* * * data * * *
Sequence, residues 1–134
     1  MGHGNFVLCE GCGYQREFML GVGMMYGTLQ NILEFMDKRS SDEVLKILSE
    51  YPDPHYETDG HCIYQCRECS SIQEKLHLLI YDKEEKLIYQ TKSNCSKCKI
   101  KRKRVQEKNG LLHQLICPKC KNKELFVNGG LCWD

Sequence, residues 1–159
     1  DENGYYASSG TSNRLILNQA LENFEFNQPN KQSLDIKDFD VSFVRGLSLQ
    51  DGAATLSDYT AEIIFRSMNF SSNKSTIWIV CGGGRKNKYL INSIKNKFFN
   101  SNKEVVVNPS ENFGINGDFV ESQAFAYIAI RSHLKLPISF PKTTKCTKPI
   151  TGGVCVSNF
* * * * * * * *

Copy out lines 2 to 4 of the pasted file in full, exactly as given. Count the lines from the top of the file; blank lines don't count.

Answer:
     1  MGHGNFVLCE GCGYQREFML GVGMMYGTLQ NILEFMDKRS SDEVLKILSE
    51  YPDPHYETDG HCIYQCRECS SIQEKLHLLI YDKEEKLIYQ TKSNCSKCKI
   101  KRKRVQEKNG LLHQLICPKC KNKELFVNGG LCWD